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    ABSTRACT: A numerical study of threshold gain and modal dispersion in integrated semiconductor laser optical frequency comb sources is presented. We consider an example device where one of the cleaved facets of the laser is replaced by a short Bragg grating section and show that as many as 16 modes can be selected at the first harmonic of the underlying Fabry-Perot cavity. An intracavity approach to limiting the grating-induced dispersion that can be implemented directly through the grating profile is demonstrated.
    Optics Letters 08/2011; 36(15):2985-7. · 3.39 Impact Factor
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    David Bitauld, Simon Osborne, Stephen O'Brien
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    ABSTRACT: We report on the characterization of the timing stability of passively mode-locked discrete mode diode laser sources. These are edge-emitting devices with a spatially varying refractive index profile for spectral filtering. Two devices with a mode-locking frequency of 100 GHz are characterized. The first device is designed to support a comb of six modes and generates near Fourier limited 1.9 ps pulses. The second supports four primary modes resulting in a sinusoidal modulation of the optical intensity. Using a cross-correlation technique, we measured a 20 fs pulse to pulse timing jitter for the first device, while, for the second device, a mode-beating (RF) linewidth of 1 MHz was measured using heterodyne mixing in a semiconductor optical amplifier. Comparison of these results with those obtained for an equivalent Fabry-Perot laser indicates that the spectral filtering mechanism employed does not adversely affect the timing properties of these passively mode-locked devices.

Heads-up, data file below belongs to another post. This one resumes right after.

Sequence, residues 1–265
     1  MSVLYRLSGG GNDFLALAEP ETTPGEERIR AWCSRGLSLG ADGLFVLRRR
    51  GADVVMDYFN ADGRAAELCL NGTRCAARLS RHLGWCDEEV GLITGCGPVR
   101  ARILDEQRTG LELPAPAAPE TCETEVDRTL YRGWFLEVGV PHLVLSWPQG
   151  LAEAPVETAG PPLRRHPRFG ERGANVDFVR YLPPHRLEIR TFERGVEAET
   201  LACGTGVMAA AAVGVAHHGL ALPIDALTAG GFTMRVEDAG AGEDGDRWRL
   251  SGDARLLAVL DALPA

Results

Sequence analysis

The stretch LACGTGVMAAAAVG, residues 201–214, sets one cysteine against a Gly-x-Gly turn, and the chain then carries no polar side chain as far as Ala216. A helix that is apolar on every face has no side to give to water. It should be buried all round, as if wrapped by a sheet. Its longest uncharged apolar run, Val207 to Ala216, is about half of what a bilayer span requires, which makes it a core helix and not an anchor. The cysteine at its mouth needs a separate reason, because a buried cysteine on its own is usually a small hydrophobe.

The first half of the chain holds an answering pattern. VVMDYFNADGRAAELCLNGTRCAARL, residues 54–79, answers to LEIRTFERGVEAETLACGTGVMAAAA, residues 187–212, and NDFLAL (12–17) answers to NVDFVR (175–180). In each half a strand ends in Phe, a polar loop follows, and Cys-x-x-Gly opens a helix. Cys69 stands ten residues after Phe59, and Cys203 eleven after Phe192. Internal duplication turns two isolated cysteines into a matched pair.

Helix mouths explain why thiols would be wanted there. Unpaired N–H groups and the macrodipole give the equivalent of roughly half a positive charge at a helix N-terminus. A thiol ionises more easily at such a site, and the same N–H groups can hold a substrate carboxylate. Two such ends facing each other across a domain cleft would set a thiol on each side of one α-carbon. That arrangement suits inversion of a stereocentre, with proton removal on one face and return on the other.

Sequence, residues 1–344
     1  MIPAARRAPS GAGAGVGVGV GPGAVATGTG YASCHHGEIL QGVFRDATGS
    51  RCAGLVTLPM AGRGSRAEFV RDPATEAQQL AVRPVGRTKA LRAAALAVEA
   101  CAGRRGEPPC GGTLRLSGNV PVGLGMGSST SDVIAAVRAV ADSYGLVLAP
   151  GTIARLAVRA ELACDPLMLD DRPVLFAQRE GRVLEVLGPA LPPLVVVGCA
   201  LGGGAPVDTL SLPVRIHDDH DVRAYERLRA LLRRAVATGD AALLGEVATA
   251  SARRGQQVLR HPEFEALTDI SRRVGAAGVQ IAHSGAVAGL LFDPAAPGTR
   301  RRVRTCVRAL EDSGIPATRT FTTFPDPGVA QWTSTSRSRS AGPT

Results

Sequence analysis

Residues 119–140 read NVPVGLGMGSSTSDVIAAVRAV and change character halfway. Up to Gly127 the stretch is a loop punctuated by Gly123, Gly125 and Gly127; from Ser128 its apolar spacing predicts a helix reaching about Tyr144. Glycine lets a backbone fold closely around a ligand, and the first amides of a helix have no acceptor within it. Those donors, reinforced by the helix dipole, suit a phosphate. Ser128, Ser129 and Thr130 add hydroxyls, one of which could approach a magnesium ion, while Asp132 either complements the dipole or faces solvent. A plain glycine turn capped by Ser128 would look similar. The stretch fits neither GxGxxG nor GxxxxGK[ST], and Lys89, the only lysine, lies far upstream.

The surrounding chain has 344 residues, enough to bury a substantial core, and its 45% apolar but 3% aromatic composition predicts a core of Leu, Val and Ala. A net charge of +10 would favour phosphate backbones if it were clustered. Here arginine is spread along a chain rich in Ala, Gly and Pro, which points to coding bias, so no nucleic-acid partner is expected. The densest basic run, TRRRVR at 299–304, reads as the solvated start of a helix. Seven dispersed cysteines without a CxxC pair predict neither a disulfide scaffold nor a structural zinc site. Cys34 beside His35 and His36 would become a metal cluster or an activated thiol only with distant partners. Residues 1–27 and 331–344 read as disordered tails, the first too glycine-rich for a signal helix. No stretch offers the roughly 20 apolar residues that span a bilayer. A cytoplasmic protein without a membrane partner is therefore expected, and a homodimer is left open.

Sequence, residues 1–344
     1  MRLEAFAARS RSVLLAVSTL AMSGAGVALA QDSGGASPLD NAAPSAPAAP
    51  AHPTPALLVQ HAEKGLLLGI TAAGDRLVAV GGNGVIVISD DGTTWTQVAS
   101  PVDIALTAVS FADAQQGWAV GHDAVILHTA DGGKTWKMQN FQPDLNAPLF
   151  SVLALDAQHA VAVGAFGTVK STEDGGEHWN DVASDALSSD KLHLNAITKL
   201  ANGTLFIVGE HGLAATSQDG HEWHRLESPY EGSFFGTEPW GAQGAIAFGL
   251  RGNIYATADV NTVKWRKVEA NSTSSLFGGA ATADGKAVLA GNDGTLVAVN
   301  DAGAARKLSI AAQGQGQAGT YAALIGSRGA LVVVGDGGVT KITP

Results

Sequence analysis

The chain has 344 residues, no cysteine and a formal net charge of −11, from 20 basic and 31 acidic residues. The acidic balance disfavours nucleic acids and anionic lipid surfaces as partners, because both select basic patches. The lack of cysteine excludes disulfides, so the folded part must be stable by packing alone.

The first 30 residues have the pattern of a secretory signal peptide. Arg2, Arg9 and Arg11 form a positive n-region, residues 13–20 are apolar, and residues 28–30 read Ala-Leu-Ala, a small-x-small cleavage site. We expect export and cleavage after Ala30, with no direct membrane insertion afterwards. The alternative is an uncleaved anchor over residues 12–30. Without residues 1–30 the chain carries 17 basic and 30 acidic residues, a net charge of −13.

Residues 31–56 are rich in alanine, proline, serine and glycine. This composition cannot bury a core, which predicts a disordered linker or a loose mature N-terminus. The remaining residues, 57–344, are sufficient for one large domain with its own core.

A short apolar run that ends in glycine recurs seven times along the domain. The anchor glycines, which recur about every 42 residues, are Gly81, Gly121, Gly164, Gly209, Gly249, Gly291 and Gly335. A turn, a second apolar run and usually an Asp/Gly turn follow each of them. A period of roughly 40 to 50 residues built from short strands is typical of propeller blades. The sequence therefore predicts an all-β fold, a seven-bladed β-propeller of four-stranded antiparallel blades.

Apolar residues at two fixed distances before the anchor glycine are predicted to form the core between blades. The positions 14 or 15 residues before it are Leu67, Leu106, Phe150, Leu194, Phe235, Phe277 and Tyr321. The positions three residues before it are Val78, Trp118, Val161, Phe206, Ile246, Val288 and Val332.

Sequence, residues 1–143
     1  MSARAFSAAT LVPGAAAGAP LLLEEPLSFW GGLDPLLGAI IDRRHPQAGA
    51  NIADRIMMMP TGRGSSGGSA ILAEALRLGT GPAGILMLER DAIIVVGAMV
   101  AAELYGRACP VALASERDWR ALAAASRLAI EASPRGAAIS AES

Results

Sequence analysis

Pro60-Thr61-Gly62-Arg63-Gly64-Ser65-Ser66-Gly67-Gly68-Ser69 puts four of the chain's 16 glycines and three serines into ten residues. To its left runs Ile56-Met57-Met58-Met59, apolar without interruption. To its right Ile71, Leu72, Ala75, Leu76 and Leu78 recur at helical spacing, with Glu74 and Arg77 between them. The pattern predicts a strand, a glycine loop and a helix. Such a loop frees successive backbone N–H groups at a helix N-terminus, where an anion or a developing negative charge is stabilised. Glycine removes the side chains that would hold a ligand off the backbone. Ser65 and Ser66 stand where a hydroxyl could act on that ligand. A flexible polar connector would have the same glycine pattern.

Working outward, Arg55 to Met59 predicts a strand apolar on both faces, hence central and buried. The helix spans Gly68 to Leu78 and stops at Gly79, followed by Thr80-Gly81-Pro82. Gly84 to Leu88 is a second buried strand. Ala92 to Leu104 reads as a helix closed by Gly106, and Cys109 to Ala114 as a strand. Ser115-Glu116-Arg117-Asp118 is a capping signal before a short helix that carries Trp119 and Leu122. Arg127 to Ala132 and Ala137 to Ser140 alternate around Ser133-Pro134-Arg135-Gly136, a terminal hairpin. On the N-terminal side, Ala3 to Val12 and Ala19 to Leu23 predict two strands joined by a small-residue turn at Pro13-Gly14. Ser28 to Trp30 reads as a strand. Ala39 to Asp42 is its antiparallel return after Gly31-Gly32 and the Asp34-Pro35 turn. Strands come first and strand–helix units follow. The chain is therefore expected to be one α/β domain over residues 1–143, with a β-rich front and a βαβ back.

Optics Express 07/2011; 19(15):13989-99. · 3.55 Impact Factor
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    ABSTRACT: We present successful integration of superconducting single photon detectors with optical microcavities based on GaAs/AlAs Bragg mirrors. Cavity enhancement of the optical absorption, which results in 18% detection efficiency at λ=1300nm and T=4.2K, is reported.
    05/2011;
  • D. Bitauld, S. Osborne, S. O'Brien
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    ABSTRACT: We demonstrate low timing jitter 100 GHz passive mode-locking of a discrete mode (DM) laser. This Fabry-Perot device incorporates a spatially varying effective index selecting modes. Near Fourier limited 2.5 ps pulses were obtained.
    04/2011;